Al Qaeda Claims Responsibility for CIA Base Bombing

PHOTO Taliban fighters pose with weapons in an undisclosed location in Afghanistan in this October 30, 2009 file photo.

Al Qaeda claimed credit for the deadliest attack against the CIA in 26 years, releasing a written statement saying a suicide bombing that killed five agency officers and two security contractors was retaliation for drone attacks that killed senior militant leaders.

The statement identified the bomber as Humam Khalil Mohammed Abu Malal, a Jordanian doctor described as a double agent by U.S. intelligence officials. Humam Khalil was invited to brief a group of CIA officers in a camp along the Pakistan-Afghan border after promising information about Al Qaeda's deputy leader, Ayman Al Zawahiri.

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"He detonated his fine, astonishing and well-designed explosive device, which was unseen by the eyes of those who do not believe in the hereafter," said Mustafa Abu al-Yazid, al Qaeda's number three, according to a translation by the SITE Intelligence Group.

Yazid claimed al Qaeda launched the attack as payback for the deaths of three militant leaders: Baitullah Mehsud, the former head of the Pakistani Taliban; Saleh al-Somali, who was in charge of al Qaeda operations outside of Pakistan and Afghanistan; and Abdullah Saeed al-Libi, a senior Libyan member of the group.

All three were killed by the increasingly effective drone campaign in Pakistan's tribal areas. The campaign is run by the CIA, and U.S. officials say drone strikes have killed a dozen senior militant leaders on a constantly refreshed list of 20 top terrorist targets.

Was CIA Bombing Payback for Attack on Haqqani Group?

The drone strikes "have been very effective, and they have knocked al Qaeda and other Islamic extremist organizations off balance," Sen. John McCain, the ranking member of the Senate Homeland Security and Governmental Affairs committee, told reporters today in Kabul. The strikes "can claim measurable success in having carried out those operations, and I think that they should continue."

Previously, both the Afghan Taliban and the Pakistani Taliban have claimed credit for the attack, and U.S. officials say it's still not clear whom Hamam Khalil, whose last name is often written as al-Balawi, was working with.

Residents on both sides of the Afghan-Pakistani border where the CIA base was attacked say nothing happens in the area without the knowledge of the Haqqani group, one of the most lethal Taliban organizations.

U.S. officials acknowledge that al-Balawi could have been working with senior Haqqani militants, and it's those Haqqani leaders who have been struck by drone strikes nearly every day since the CIA base was attacked Dec. 30. Just yesterday two drone strikes hit the same target in North Waziristan, just over the border from where the CIA base was attacked.

Wednesday's dual strikes targeted militants living in the house and then the people who were cleaning up the house's remains, according to residents and regional intelligence officials. It appears to be one of the first times in the five year drone campaign that a missile targeted a group picking through the rubble of an earlier drone strike. A total of 12 people died in the twin strikes.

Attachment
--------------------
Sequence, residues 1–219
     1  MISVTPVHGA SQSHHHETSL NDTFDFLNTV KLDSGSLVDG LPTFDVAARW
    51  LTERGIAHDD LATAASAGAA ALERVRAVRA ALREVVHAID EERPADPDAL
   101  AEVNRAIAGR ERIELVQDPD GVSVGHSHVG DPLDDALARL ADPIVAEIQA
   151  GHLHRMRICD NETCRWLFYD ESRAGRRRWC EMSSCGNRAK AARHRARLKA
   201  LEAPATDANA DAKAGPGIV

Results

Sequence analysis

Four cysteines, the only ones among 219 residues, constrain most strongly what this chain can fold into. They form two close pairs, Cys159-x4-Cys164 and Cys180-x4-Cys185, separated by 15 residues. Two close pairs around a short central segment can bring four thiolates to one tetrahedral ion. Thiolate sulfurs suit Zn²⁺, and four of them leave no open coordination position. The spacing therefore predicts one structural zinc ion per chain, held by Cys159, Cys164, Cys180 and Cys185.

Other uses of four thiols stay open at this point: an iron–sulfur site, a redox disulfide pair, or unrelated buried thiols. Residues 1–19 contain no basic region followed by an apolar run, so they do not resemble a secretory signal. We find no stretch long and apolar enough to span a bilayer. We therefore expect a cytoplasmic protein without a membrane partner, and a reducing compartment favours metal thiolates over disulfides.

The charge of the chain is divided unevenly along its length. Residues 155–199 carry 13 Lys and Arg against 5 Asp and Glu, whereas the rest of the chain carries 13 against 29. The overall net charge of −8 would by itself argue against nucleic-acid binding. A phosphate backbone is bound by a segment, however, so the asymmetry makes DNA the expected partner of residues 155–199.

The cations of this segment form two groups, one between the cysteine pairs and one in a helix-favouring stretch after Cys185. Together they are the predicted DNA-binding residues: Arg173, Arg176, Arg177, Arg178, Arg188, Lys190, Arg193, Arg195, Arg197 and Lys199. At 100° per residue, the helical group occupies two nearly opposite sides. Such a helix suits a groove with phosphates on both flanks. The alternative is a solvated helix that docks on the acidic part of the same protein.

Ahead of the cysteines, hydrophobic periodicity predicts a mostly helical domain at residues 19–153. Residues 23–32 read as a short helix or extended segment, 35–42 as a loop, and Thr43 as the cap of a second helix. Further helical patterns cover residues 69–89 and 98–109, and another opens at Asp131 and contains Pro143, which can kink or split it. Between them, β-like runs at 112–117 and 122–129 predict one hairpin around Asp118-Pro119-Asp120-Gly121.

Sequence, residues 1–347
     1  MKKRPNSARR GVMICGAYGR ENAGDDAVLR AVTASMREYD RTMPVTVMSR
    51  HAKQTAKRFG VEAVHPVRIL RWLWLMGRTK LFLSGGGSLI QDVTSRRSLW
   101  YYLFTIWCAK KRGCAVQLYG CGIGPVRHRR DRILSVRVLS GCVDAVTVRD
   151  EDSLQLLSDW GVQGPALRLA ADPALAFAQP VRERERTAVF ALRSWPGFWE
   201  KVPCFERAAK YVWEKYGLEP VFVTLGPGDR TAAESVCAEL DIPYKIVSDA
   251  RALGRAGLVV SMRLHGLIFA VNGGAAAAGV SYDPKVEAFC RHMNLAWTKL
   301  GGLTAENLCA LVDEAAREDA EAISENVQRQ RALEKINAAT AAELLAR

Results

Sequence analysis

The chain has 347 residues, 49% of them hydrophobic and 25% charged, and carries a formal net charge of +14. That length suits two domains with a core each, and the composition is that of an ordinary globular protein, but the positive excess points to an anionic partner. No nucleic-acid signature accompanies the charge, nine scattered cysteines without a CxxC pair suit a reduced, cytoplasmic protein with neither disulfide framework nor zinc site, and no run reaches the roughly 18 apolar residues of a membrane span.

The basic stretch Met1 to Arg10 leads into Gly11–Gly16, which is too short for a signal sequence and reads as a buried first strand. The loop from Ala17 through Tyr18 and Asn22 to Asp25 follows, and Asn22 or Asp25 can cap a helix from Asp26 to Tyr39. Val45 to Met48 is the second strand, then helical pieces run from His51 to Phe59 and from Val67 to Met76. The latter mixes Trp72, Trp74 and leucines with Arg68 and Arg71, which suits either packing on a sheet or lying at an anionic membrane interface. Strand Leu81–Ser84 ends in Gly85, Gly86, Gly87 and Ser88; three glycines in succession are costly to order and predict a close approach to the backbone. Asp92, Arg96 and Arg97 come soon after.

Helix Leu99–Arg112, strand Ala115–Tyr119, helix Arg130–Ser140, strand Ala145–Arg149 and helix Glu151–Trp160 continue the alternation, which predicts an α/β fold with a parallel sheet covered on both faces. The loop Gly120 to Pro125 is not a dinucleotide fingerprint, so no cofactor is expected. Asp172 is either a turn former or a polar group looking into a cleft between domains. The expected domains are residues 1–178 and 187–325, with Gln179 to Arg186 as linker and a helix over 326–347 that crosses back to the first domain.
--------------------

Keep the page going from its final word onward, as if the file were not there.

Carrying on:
United States officials admit drone strikes are the most effective means they have to attack the senior leadership of al Qaeda and the Haqqani network, both of which operate out of North Waziristan. The United States has asked the Pakistani government and military to expand an operation against the Pakistani Taliban to the Haqqani network, but they have declined, according to Western officials. The Pakistani military argues it would be overstretched if it went after al Qaeda and Haqqani militants in North Waziristan.

In response, U.S. officials have publicly threatened to increase the number of drone strikes across the region. They seem to have followed through with that threat, especially since the CIA base was attacked on Dec. 30. In the last six days, North Waziristan has been hit with one of the largest number of strikes to occur in a single week since the drone campaign began.

The CIA launched more than 50 drone attacks in 2009, compared to more than 30 in 2008, according to an ABC News tally. The CIA officials based at Camp Chapman were at the center of the drone campaign, according to intelligence officials, and they were looking for informants to help them find senior al Qaeda and Haqqani leaders.

Are Al Qaeda and Taliban Coming Together?

It's not clear whether the three claims of responsibility are evidence that al Qaeda, the Afghan Taliban, and the Pakistani Taliban are working distinctly from each other or they have launched a coordinated information campaign.

A NATO intelligence officer recently told reporters in Kabul that the Afghan Taliban, Pakistani Taliban, and al Qaeda are "coming into alignment."

"May God accept [al-Balawi] as a martyr who was able to infiltrate the Americans' forts," al-Yazid said in the statement. "We ask God to bless the people who follow your path, Abu Dujana," a reference to the screen name al-Balawi used on jihadist Web sites.

"Let them know that your brothers are following your path and they will not have peace of mind until they slaughter the Americans and let the Islamic nation be proud for having men like you among its sons."

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